During spring break of 2018, Eaton Rapids Public Schools got some good news. After a lengthy process of researching and grant writing, the Dart Foundation selected Eaton Rapids to be the recipient of a $125,000 grant. The money will be used to implement a science and technology curriculum called IQWST (Investigating and Questioning the World through Science and Technology).
Dart Foundation Manager Emily Matthews approached the Eaton Rapids school board in spring of 2017. According to Superintendent Bill DeFrance, the foundation was looking to expand its grant opportunities for local schools.
“The foundation approached us. That says a lot about the Dart Foundation,” said DeFrance regarding Dart’s commitment to aiding local schools.
Following Matthews’ recommendation, the school board allotted time at one of their annual retreats to discuss the possibilities and opportunities if the schools were to receive one of the foundation’s grants. DeFrance noted that the board thoroughly discussed many of the schools’ needs, and he’s confident they identified one area with the greatest need for investment and growth.
In today’s age of non-stop technological updates, it’s ever more important to train and equip students with a firm grasp of the sciences. Superintendent DeFrance and the Eaton Rapids school board recognized this need and saw the need at the Middle School.
“We felt science was pretty rich and diverse in the high school, but we need to make learning experiences more engaging in the middle school. We haven’t had that much diversification at the middle school,” said DeFrance.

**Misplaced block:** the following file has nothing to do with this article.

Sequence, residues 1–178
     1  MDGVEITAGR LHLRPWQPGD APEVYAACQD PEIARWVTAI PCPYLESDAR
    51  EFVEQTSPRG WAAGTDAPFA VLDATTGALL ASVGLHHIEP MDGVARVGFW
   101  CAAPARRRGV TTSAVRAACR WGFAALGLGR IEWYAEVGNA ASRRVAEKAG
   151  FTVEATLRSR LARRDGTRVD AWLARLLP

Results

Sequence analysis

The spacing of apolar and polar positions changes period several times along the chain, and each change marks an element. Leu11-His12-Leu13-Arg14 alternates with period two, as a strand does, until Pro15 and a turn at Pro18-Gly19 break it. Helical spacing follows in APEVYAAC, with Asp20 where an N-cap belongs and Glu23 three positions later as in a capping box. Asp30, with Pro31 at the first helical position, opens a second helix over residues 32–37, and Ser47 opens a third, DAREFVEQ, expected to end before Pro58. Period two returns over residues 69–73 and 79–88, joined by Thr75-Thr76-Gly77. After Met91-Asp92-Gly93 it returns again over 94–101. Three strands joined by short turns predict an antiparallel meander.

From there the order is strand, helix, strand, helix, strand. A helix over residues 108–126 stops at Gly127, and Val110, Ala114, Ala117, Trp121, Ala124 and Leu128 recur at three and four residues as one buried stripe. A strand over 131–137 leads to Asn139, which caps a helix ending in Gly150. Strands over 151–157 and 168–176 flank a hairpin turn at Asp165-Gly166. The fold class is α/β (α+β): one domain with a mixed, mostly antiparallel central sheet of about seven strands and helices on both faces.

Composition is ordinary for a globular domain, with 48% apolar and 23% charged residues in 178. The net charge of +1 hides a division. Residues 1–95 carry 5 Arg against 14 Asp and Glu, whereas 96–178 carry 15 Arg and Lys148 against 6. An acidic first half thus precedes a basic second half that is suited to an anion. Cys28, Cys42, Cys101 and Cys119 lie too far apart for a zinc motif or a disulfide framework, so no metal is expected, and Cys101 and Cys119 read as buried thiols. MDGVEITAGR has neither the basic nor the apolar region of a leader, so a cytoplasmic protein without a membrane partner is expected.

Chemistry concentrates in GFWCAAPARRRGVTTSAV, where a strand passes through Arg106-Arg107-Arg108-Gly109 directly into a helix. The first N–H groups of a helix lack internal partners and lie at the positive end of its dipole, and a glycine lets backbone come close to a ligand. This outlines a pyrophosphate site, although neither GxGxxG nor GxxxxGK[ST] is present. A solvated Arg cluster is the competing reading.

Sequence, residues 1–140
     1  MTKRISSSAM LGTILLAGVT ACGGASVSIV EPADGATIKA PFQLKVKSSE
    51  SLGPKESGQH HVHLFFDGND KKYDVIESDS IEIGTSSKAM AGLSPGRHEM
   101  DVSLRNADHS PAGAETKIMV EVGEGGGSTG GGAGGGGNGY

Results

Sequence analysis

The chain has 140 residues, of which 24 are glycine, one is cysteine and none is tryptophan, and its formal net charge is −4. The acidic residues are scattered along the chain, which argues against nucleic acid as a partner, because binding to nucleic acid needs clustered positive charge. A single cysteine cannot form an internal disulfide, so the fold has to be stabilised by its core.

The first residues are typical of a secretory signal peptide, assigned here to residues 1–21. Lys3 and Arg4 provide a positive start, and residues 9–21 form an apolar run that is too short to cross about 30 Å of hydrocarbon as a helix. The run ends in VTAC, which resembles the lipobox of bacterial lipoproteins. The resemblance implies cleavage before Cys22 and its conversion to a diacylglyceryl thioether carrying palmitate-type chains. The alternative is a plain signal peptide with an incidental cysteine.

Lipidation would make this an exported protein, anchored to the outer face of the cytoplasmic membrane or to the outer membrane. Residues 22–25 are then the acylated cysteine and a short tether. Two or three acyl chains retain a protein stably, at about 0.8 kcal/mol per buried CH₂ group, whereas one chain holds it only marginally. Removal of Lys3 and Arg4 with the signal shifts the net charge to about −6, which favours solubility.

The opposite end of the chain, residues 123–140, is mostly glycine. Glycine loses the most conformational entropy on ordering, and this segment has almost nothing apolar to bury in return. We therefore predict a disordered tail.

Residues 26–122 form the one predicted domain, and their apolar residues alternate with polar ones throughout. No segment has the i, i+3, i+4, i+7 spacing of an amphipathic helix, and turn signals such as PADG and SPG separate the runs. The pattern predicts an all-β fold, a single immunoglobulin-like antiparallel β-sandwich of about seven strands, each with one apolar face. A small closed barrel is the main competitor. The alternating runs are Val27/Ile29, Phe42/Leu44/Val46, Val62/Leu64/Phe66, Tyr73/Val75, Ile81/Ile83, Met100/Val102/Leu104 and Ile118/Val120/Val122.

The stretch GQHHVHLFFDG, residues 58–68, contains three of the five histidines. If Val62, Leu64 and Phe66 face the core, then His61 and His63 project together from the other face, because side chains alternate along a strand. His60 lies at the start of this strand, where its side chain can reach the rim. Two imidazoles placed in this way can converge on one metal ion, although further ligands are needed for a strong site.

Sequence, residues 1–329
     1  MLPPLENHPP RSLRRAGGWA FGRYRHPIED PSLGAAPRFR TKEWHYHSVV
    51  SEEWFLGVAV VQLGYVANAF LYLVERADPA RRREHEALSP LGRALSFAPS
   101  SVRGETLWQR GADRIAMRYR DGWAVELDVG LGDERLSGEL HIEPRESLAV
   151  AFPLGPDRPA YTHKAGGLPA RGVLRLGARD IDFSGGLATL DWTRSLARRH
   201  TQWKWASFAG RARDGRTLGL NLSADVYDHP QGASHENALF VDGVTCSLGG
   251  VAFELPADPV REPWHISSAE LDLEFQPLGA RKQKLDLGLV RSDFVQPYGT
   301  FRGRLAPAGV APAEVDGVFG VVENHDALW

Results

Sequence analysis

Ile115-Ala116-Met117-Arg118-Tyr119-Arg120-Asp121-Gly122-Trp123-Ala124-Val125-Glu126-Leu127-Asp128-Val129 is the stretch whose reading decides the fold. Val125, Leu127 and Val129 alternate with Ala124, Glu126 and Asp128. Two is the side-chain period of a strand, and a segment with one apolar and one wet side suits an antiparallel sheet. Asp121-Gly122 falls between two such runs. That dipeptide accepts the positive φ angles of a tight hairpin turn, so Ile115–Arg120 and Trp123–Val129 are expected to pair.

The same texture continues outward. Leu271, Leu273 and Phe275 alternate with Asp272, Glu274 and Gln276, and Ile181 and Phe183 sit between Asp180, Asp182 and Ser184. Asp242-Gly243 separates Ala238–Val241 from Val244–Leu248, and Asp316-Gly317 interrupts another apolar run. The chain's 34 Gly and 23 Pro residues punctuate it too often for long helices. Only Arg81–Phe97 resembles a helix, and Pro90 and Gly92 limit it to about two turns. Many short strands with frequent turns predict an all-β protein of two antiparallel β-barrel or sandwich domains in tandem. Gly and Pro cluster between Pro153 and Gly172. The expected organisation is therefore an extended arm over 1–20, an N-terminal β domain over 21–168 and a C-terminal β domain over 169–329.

While DeFrance is proud of the teachers and classes the middle school offers, like the industrial arts class that gives students more hands on experience with tools and physics, he believes IQWST will be a step forward for the junior high. IQWST was developed over several years by science education specialists from MSU, U of M, and Northwestern. According to DeFrance, the IQWST curriculum will give middle school students more opportunities for hands on experience with new technologies and practical applications of course material.
Kim Gum, an Eaton Rapids Middle School science teacher, taught the IQWST pilot course during the 2017-2018 school year. DeFrance expressed his immense gratitude for Gum’s work, noting that the success of IQWST will largely ride on her successes with the pilot program.
DeFrance said the school board held a small celebration after the spring break news. The grant, the largest Eaton Rapids Schools has every received, and the implementation of IQWST is a big step forward for the Greyhound schools.
“What we’ve tried to do is make learning in the middle school more active,” said DeFrance. “We wouldn’t have this opportunity if the Dart Foundation hadn’t approached us.”